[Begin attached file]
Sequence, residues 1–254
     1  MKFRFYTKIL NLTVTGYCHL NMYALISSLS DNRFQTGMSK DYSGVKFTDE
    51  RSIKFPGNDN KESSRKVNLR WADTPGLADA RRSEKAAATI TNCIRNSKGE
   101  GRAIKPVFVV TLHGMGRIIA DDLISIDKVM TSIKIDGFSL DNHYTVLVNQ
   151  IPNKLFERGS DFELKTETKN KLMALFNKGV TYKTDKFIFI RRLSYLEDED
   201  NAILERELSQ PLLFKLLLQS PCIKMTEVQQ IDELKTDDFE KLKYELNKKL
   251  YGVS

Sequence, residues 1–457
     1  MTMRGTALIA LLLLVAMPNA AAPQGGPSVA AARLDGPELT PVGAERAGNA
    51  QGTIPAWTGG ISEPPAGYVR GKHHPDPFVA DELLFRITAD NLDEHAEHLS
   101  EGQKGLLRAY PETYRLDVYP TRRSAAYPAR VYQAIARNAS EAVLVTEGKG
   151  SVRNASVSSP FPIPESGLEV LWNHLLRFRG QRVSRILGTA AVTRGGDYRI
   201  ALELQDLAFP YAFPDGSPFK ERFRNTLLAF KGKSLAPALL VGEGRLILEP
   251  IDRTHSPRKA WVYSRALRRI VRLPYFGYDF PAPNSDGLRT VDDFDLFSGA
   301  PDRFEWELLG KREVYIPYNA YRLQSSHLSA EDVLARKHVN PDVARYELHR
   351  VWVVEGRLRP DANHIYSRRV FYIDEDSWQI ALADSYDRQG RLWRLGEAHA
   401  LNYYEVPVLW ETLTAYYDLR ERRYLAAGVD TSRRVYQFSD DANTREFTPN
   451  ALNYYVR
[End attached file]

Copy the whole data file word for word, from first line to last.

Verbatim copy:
Sequence, residues 1–254
     1  MKFRFYTKIL NLTVTGYCHL NMYALISSLS DNRFQTGMSK DYSGVKFTDE
    51  RSIKFPGNDN KESSRKVNLR WADTPGLADA RRSEKAAATI TNCIRNSKGE
   101  GRAIKPVFVV TLHGMGRIIA DDLISIDKVM TSIKIDGFSL DNHYTVLVNQ
   151  IPNKLFERGS DFELKTETKN KLMALFNKGV TYKTDKFIFI RRLSYLEDED
   201  NAILERELSQ PLLFKLLLQS PCIKMTEVQQ IDELKTDDFE KLKYELNKKL
   251  YGVS

Sequence, residues 1–457
     1  MTMRGTALIA LLLLVAMPNA AAPQGGPSVA AARLDGPELT PVGAERAGNA
    51  QGTIPAWTGG ISEPPAGYVR GKHHPDPFVA DELLFRITAD NLDEHAEHLS
   101  EGQKGLLRAY PETYRLDVYP TRRSAAYPAR VYQAIARNAS EAVLVTEGKG
   151  SVRNASVSSP FPIPESGLEV LWNHLLRFRG QRVSRILGTA AVTRGGDYRI
   201  ALELQDLAFP YAFPDGSPFK ERFRNTLLAF KGKSLAPALL VGEGRLILEP
   251  IDRTHSPRKA WVYSRALRRI VRLPYFGYDF PAPNSDGLRT VDDFDLFSGA
   301  PDRFEWELLG KREVYIPYNA YRLQSSHLSA EDVLARKHVN PDVARYELHR
   351  VWVVEGRLRP DANHIYSRRV FYIDEDSWQI ALADSYDRQG RLWRLGEAHA
   401  LNYYEVPVLW ETLTAYYDLR ERRYLAAGVD TSRRVYQFSD DANTREFTPN
   451  ALNYYVR